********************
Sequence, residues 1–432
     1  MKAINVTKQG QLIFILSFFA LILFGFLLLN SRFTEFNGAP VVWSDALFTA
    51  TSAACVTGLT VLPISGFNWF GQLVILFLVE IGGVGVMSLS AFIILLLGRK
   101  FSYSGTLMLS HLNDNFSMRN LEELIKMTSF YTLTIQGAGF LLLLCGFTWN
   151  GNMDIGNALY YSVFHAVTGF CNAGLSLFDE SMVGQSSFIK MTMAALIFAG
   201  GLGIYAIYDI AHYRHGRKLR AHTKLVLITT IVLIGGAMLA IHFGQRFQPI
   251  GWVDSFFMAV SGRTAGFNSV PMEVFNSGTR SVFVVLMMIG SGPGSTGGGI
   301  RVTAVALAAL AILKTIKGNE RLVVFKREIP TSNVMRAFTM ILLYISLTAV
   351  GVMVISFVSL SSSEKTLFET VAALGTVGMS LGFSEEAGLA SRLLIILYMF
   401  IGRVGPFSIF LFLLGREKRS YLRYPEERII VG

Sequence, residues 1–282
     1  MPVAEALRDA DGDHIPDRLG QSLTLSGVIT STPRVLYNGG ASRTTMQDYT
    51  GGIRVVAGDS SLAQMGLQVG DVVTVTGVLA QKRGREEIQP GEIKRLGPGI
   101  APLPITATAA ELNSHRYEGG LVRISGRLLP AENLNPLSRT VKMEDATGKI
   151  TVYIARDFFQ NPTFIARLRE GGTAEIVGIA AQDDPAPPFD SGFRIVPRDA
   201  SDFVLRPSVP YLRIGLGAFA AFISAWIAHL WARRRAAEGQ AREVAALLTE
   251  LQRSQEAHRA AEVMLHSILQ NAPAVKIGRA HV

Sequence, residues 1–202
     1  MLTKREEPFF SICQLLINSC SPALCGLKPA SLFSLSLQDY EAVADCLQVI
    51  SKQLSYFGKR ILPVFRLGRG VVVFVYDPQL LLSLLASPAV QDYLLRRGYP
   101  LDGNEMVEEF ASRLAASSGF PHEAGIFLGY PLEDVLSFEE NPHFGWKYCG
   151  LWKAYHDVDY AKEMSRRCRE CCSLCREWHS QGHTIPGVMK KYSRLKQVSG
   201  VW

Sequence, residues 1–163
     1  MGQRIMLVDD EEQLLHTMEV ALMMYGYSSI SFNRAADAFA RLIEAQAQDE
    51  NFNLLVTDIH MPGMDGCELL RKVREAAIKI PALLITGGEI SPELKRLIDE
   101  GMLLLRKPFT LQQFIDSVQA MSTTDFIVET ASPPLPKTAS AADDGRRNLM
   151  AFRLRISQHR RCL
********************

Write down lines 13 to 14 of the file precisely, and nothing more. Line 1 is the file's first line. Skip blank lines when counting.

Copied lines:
    51  GGIRVVAGDS SLAQMGLQVG DVVTVTGVLA QKRGREEIQP GEIKRLGPGI
   101  APLPITATAA ELNSHRYEGG LVRISGRLLP AENLNPLSRT VKMEDATGKI